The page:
Accordingly, pursuant to the present invention there is provided a pyrotechnic composition for producing IR-radiation which comprises, by weight, 10-72.5% of a poly-(carbon monofluoride) oxidation agent; 15-90% of a halophilic metallic fuel comprising a metal selected from the group consisting of magnesium, aluminum, titanium, zirconium, hafnium, calcium, beryllium, boron and mixtures or alloys of said metals; 2.5 and 7.5% of an organic fluorine-bearing agent; and 0.1-5% of graphite. Note that the various components present in the pyrotechnic composition of the present invention add up to 100%.
The increase in power of the pyrotechnic composition of the present invention serves to simplify the manufacture of the munition. Now, the same level of power can be achieved with smaller amounts of pyrotechnics, whereby the risk of fire and explosion in manufacture is reduced. In spite of a reduction in the ingredients of the mixture by about 50%, the same amount of decoys of the same power can still be produced.
In addition by virtue of the reduction in the mass of the pyrotechnic payload, the munition becomes lighter, thereby also affording logistical advantages.
The present invention further prevents the formation of polyaromatic hydrocarbons (PAH) which are objectionable from the points of view of environment and human toxicology, as are produced in the combustion of MTV-flares.
The present invention is based on the consideration of deliberately and specifically producing upon combustion graphite, the substance with the highest level of emissivity (ελ<5 μm=0.95), which can be excited by the heat of the pyrotechnic reaction to afford thermal radiation. Furthermore, in accordance with the present invention, the reaction heat is markedly increased in comparison with the prior art systems. This can be affected by the use of substances with a lower level of molar enthalpy of formation, in comparison with TEFLONŽ.
DETAILED DESCRIPTION OF THE INVENTION
Various prior art approaches for the pyrotechnic production of graphite make use either of incomplete combustion of aromatic compounds (anthracene, naphthalene or their derivatives or homologues thereof) or the thermal decomposition of intercalation compounds of graphite (these are intercalation compounds in which the spaces between the individual graphite lattices can be occupied by foreign atoms or molecules, for example, anions or cations). Incomplete combustion of aromatic hydrocarbons has already found its way into the production of pyrotechnic black body radiator, see, for example, U.S Pat. No. 5,834,680. It will be appreciated, however, that in the case of U.S. Pat. No. 5,834,680, only graphite-like pyrolysis products are formed, which suffer from surface contamination by low-molecular PAHs, for which reason their emissivity is markedly below that of graphite; in addition the PAH adhesions represent a toxicological potential which is not to be underestimated. The thermal decomposition of intercalation compounds of graphite has only been proposed for producing dipole aerosols for attenuating electromagnetic radiation, see, for example, DE 43 37 9071 C1.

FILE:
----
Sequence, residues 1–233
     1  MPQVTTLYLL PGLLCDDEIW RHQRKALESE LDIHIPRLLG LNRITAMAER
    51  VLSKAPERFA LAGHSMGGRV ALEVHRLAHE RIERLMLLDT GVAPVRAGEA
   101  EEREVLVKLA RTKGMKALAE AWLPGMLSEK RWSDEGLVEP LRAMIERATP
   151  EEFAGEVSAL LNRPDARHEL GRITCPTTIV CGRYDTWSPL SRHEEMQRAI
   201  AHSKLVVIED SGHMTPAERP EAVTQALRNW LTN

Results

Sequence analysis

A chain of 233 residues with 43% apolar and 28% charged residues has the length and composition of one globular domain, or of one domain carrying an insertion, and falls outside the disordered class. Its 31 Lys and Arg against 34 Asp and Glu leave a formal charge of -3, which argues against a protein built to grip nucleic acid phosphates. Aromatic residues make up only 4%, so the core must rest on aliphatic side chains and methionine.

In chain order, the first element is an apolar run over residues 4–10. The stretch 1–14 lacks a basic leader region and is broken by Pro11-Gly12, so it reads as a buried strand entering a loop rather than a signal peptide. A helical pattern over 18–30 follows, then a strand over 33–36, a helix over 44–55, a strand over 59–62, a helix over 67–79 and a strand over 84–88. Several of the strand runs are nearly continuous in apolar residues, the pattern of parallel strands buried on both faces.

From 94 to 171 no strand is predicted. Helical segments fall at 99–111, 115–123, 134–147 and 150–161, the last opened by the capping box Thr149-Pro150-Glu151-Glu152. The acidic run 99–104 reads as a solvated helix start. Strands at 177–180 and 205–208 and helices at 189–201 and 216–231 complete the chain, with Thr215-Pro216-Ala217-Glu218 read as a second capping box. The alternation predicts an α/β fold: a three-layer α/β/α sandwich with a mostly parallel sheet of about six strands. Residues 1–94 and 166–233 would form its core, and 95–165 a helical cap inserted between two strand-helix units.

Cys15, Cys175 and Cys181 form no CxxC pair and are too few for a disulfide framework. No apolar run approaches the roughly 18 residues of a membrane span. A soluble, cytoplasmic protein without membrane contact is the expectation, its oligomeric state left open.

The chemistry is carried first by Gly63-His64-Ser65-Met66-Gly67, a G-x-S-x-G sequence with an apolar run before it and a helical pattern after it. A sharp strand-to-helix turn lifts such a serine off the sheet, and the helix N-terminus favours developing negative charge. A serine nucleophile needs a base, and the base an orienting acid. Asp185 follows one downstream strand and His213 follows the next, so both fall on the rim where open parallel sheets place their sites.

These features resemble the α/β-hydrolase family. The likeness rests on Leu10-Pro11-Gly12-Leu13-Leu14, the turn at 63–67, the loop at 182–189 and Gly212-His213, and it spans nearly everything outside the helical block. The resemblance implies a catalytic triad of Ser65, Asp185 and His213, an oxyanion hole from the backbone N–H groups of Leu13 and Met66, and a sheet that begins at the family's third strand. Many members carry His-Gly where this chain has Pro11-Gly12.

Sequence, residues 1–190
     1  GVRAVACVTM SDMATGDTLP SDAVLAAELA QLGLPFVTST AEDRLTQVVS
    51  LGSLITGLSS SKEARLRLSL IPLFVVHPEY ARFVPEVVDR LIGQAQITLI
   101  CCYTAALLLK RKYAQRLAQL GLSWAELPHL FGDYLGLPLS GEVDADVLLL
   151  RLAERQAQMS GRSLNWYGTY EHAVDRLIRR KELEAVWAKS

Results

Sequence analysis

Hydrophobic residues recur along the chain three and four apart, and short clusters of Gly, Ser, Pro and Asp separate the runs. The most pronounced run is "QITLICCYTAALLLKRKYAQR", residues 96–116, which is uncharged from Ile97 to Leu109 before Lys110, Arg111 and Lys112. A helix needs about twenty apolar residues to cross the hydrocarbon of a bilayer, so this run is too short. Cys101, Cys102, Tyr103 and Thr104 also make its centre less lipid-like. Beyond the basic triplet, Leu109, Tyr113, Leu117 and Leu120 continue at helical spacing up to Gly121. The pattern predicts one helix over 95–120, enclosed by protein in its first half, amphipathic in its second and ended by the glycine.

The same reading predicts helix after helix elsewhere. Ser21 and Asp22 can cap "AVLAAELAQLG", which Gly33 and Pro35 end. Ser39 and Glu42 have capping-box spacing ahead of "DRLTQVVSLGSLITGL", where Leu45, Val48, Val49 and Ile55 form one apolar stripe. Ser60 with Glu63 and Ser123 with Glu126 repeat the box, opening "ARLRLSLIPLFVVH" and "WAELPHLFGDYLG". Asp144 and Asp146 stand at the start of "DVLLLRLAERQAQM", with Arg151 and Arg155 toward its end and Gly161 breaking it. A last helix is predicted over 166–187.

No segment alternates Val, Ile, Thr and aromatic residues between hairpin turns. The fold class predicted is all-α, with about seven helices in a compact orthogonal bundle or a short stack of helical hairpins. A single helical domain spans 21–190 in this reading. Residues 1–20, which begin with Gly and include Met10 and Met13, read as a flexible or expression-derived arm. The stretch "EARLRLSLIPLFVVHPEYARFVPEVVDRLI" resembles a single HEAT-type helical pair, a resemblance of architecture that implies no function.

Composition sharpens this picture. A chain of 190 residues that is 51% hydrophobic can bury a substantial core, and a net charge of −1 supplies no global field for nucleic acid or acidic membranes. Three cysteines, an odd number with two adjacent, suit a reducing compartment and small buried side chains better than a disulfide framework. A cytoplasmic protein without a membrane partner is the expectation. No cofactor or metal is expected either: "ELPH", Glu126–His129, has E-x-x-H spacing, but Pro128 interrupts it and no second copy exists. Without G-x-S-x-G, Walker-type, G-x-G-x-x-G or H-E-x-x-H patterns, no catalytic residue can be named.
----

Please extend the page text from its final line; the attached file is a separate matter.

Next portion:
In both U.S. Pat. No. 5,834,680 and DE 43 379071 C1, the graphite precursor, that is to say the aromatic (anthracene or decacyclene, respectively) or the intercalation compound of graphite does not contribute to the reaction heat, but rather acts as an endergonic additive which lowers the flame temperature (see U.S. Pat. No. 5,834,680, column 3, lines 23-25 and column 5, lines 18-21).
It has now been found by the present applicant that graphite can be produced by the reduction of poly-(carbon monofluoride) (PMF) by means of high-energy halophilic fuels. In accordance with the present invention, the term “PMF” denotes a polymeric graphite fluoride material that contains covalent bonds between the carbon and fluoride atoms, which has a quasi-infinite two-dimensional stratified structure. The term “PMF” may be interchangeably used with the term “graphite fluorinated polymer”. Unlike the intercalation compounds of graphite, which are described and claimed in DE 43 37 9071 C1, there are true covalent bonds between the carbon and the fluorine atoms in the PMF material employed in the present invention. Therefore the formation of graphite by reductive elimination of the fluorine atoms in a PMF material is already favored just in relation to entropy, in comparison with the formation from condensed aromatics. In addition, the conversion of a formerly saturated system into an aromatic system (“graphen”) should represent a thermodynamic advantage.